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What Is The Difference Between the Geocentric and Heliocentric Models of the Solar System?

The Solar System. Image Credit: NASA

The Solar System. Image Credit: NASA

What does our Solar System really look like? If we were to somehow fly ourselves above the plane where the Sun and the planets are, what would we see in the center of the Solar System? The answer took a while for astronomers to figure out, leading to a debate between what is known as the geocentric (Earth-centered) model and the heliocentric (Sun-centered model).

The ancients understood that there were certain bright points that would appear to move among the background stars. While who exactly discovered the “naked-eye” planets (the planets you can see without a telescope) is lost in antiquity, we do know that cultures all over the world spotted them.

The ancient Greeks, for example, considered the planets to include Mercury, Venus, Mars, Jupiter and Saturn — as well as the Moon and the Sun. The Earth was in the center of it all (geocentric), with these planets revolving around it. So important did this become in culture that the days of the week were named after the gods, represented by these seven moving points of light.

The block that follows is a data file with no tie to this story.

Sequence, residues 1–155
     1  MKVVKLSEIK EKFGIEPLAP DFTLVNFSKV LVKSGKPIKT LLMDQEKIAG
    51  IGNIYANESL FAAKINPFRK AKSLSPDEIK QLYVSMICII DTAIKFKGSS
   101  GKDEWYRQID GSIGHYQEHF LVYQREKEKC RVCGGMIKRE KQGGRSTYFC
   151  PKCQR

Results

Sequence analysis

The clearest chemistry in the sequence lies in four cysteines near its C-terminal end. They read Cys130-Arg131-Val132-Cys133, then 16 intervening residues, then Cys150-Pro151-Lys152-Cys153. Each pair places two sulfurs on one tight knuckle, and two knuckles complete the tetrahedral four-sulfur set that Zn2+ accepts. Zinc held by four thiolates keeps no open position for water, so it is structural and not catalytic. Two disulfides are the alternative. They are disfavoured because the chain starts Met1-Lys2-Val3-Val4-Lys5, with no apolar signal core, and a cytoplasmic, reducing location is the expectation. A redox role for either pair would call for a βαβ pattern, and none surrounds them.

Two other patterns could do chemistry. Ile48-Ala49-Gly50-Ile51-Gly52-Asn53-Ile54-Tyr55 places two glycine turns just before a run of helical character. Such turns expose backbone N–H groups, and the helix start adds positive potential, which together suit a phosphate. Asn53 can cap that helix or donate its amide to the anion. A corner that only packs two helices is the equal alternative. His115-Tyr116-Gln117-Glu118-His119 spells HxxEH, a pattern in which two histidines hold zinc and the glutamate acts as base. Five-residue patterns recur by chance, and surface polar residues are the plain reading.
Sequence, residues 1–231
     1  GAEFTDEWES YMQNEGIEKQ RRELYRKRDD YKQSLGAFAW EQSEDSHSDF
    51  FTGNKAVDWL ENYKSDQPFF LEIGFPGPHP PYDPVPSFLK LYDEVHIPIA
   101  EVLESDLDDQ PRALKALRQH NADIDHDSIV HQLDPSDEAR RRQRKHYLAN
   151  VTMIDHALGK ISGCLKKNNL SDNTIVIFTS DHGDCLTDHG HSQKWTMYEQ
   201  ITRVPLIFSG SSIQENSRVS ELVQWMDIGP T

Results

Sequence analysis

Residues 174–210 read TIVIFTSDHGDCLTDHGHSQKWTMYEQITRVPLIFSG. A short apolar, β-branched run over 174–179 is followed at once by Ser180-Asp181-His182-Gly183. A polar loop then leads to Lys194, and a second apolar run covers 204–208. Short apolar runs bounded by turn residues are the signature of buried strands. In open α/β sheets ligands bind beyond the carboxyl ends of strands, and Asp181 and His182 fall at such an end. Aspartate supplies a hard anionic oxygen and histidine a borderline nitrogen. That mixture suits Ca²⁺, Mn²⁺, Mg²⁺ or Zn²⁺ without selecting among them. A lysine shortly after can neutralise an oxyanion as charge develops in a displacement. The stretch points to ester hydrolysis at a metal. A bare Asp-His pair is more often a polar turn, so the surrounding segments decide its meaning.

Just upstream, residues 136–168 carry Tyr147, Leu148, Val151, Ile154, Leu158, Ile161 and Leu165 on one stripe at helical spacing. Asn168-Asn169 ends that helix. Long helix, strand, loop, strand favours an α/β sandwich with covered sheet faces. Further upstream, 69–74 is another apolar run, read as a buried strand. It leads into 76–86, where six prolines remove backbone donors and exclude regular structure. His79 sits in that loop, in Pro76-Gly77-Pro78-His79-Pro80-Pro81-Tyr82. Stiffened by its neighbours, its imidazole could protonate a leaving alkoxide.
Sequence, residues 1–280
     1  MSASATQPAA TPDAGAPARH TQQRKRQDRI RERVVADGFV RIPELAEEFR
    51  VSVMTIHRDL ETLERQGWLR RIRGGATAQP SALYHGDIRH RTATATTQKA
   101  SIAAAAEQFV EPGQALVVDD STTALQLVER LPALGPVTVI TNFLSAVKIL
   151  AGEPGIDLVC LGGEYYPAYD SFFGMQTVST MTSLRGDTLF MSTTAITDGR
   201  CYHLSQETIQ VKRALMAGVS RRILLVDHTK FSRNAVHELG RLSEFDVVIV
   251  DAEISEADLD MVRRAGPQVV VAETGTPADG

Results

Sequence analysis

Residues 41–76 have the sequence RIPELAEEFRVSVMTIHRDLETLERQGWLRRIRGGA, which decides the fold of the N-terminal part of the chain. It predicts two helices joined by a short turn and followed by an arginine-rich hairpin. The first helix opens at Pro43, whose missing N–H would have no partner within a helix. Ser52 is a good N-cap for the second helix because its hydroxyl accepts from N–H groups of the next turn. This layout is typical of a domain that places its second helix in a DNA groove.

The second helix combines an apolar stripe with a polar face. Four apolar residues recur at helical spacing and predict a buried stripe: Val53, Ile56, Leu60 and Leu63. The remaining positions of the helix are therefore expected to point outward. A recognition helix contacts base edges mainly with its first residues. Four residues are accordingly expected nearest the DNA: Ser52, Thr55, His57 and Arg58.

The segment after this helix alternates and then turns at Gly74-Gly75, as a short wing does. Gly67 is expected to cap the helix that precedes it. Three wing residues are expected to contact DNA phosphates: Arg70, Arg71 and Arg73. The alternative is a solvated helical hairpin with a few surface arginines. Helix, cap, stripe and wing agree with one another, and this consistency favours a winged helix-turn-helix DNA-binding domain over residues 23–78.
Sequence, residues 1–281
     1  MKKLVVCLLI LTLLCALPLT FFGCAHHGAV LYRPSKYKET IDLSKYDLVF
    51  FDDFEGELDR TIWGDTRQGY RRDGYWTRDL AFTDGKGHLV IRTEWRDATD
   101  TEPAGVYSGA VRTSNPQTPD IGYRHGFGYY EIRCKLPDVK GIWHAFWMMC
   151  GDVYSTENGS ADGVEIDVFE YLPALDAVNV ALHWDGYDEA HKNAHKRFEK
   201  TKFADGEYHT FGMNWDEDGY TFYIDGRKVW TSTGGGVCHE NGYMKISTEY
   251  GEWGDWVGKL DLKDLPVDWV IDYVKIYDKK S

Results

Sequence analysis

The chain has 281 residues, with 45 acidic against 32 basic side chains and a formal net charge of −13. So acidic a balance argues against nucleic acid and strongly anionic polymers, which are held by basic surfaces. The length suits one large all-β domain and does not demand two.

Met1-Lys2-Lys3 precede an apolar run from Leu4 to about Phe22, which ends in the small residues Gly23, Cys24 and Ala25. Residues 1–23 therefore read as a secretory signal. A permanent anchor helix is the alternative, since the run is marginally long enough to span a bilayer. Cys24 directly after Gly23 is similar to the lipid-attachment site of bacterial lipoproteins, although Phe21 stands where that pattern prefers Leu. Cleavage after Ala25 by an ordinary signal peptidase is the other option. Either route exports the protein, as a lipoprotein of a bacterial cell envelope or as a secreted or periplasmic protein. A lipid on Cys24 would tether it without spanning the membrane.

All the same, not every Greek believed that the Earth was in the middle. Aristarchus of Samos, according to NASA, was the first known person to say that the Sun was in the center of the universe. He proposed this in the third century BCE. The idea never really caught on, and lay dormant (as far as we can tell) for several centuries.

Earth is at the center of this model of the universe created by Bartolomeu Velho, a Portuguese cartographer, in 1568. Credit: NASA/Bibliothèque Nationale, Paris

Earth is at the center of this model of the universe created by Bartolomeu Velho, a Portuguese cartographer, in 1568. Credit: NASA/Bibliothèque Nationale, Paris

Because European scholars relied on Greek sources for their education, for centuries most people followed the teachings of Aristotle and Ptolemy, according to the Galileo Project at Rice University. But there were some things that didn’t make sense. For example, Mars occasionally appeared to move backward with respect to the stars before moving forward again. Ptolemy and others explained this using a system called epicycles, which had the planets moving in little circles within their greater orbits.